Monday, January 18, 2010

It's Monday morning and I am picking up all the bits and pieces from the weekend.  At long last the building work that we have been engaged with here at Christ Church is coming to completion.  The hardest thing is getting the finishing touches completed.  It can take as long to get the builders to come back to fix a window that won't open as it did to arrange the project in the first place, but I am beginning to look forward to life without builders - for a  short while at least!

The First Phase of Jesus' Ministry

All the Gospel writers are agreed that Jesus was baptized by John the Baptist.  What is not totally clear is what the relationship was between them.  The general understanding is that Jesus turned up at the Jordan, was baptized by John, and then got on with his own ministry.  An impression, it has to be said, that is reinforced by the way the Gospel writers present it.  That it is more complicated than that is suggested by a closer reading of the Gospels.

Firstly, St Luke tells us that there was a family relationship between Mary and Elizabeth (Luke 1:36).  We don't know exactly what the relationship was, but if Mary did stay with Elizabeth (Luke 1:39-56), it at least suggests they were on reasonably close terms.  Did Jesus and John meet as they were growing up?

Secondly, the Synoptics give the impression, at first sight, that Jesus originally called his disciples by the Sea of Galilee, meeting them for the first time as they tended to their nets (Mark 1:16-20).  St John, however, tells us that Andrew and another unnamed disciple were originally disciples of John the Baptist.  There is the suggestion that Peter and Philip are also, and perhaps Nathaniel as well. (John 1:35-45)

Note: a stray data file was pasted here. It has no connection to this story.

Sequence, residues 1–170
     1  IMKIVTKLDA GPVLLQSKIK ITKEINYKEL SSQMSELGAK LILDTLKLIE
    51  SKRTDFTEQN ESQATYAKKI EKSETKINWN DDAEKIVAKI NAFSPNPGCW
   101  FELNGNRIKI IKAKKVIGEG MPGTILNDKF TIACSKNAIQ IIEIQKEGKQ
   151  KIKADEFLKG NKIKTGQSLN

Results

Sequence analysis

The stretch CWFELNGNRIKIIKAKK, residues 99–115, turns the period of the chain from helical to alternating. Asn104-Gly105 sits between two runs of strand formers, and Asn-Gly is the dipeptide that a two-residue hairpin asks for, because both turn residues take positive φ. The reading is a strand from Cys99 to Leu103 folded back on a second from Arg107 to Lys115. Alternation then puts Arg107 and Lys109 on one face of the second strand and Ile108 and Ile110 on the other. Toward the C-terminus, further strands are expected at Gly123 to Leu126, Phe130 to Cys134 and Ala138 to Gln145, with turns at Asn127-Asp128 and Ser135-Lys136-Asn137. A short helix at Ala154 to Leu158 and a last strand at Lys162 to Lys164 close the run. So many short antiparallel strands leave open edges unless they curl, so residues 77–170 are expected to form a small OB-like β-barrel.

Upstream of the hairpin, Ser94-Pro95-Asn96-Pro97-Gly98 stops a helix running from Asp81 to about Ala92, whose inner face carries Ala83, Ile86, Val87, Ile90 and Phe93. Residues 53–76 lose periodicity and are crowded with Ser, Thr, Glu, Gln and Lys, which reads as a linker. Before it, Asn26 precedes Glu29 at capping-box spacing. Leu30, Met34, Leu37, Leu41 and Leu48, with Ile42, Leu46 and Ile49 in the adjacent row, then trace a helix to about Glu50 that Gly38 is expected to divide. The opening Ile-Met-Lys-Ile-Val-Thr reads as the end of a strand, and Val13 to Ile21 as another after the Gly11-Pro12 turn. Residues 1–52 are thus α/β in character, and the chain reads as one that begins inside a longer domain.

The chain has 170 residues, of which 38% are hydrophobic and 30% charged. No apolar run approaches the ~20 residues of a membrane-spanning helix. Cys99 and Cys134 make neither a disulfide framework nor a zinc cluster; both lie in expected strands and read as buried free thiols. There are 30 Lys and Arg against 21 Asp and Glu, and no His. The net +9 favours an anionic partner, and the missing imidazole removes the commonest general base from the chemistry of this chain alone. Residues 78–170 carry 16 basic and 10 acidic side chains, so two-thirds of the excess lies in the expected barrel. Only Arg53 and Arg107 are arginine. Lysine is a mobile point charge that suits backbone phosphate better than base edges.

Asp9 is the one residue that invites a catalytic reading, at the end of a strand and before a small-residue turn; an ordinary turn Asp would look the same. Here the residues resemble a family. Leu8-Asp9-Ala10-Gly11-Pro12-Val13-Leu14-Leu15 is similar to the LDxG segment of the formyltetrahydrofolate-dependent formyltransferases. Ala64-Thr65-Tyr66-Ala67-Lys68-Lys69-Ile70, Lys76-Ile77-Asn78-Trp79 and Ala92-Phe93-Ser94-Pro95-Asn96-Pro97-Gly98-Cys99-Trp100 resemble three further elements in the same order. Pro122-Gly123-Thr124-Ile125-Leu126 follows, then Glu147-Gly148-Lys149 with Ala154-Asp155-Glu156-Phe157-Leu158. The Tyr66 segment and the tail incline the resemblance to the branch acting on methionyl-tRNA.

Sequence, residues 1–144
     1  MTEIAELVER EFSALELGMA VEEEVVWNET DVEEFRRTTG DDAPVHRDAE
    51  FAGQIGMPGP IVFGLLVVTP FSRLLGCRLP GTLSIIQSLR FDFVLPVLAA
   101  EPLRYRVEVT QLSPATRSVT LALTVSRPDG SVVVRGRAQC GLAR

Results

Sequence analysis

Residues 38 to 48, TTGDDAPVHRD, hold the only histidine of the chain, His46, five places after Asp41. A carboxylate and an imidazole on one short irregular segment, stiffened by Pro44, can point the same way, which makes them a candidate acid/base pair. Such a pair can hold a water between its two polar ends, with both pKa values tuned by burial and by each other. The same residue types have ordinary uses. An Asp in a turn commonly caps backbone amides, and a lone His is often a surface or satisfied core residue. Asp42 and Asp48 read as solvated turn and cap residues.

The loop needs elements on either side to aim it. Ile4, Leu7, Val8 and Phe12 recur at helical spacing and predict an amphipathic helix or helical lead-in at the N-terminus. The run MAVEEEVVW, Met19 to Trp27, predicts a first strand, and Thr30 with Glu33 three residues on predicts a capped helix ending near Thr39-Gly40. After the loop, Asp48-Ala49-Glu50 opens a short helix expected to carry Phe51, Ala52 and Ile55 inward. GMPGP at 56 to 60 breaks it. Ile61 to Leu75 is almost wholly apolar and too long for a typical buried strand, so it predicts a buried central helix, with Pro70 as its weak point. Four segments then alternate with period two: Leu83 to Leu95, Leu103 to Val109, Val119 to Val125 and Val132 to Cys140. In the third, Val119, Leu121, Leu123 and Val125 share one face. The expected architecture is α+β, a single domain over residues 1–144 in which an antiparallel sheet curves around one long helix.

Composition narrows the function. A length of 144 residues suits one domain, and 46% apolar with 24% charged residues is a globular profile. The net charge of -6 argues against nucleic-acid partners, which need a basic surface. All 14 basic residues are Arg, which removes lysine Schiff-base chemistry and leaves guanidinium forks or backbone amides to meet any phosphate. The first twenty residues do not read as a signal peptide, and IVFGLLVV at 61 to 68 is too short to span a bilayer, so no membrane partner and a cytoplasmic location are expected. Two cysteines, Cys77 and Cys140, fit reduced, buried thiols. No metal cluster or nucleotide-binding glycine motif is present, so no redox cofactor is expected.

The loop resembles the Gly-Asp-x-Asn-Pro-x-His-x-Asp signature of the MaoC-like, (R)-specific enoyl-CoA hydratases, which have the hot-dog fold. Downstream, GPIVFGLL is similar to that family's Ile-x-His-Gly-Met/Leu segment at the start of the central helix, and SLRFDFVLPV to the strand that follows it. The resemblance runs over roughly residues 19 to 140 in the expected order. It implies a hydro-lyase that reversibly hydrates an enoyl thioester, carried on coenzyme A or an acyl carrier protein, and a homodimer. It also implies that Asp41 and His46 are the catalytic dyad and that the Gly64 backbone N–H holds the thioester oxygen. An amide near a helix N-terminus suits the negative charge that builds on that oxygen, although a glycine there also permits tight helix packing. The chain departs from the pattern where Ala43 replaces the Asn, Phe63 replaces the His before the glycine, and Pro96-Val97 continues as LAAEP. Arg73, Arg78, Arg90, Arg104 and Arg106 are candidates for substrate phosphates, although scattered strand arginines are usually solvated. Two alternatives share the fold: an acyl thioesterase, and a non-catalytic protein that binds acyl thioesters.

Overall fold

The Synoptic Gospels begin their account of Jesus' ministry in Galilee, basically after John had been arrested.  St John, however, suggests that there was a period of ministry before this, which certainly included a visit to Cana and Capernaum in Galilee, but also involved time spent in Jerusalem and Judea as well.

This earlier period of ministry saw Jesus continuing John's ministry by baptizing people in the Judean countryside while John was baptizing people at Aenon near Salim, although as St John tells us it was Jesus' disciples who baptized rather than John (John 3:22-24).  This is what you would expect if they had previously been disciples of John assisting him in his baptism of people.  This should not seem strange.  Jesus, by being baptized by John, identified himself both with John's ministry and with John's practice of baptizing people.  It is only when he begins to overtake John in popularity that Jesus moves back to Galilee to begin his own distinctive ministry. (John 4:1-3)

St John tells us: 'When he came to Galilee, the Galileans welcomed him, since they had seen all that he had done in Jerusalem at the festival; for they too had gone to the festival.  Then he came again to Cana in Galilee where he had changed the water into wine ...' (John 4:45-46)  This then would be where the Synoptics take up the story.

It is impossible to be too neat and precise about the order of events and no doubt the Evangelists were more concerned to communicate the truth about Jesus than to give a precise chronology.  Nevertheless, if we take St John as giving accurate historical information, then we get the following impression of the beginning of the ministry of Jesus, which might even be called the Baptizing Phase!

1.  Jesus who knows John the Baptist and agrees with his message and ministry identifies with it by being baptized himself.

2.  Some of John's disciples join Jesus and they go to Cana of Galilee where one of them, Nathaniel, comes from (John 21:2).  At a wedding there with his mother, Jesus performs his first miracle.

3.  After the wedding, Jesus, his mother, brothers and disciples go to Capernaum before Jesus sets off for the Passover in Jerusalem.

4.  After the Passover in Jerusalem, Jesus and his disciples continue John's ministry of baptizing in the Judean countryside while John baptized further north, at Aenon near the Sea of Galilee.

5.  When his ministry gains attention and popularity, Jesus moves back to Galilee.  It is then at this point that the Synoptics take up the story.

The reading for this coming Sunday in St Luke's Gospel gives an account of some of what happened during the following few months in Galilee.

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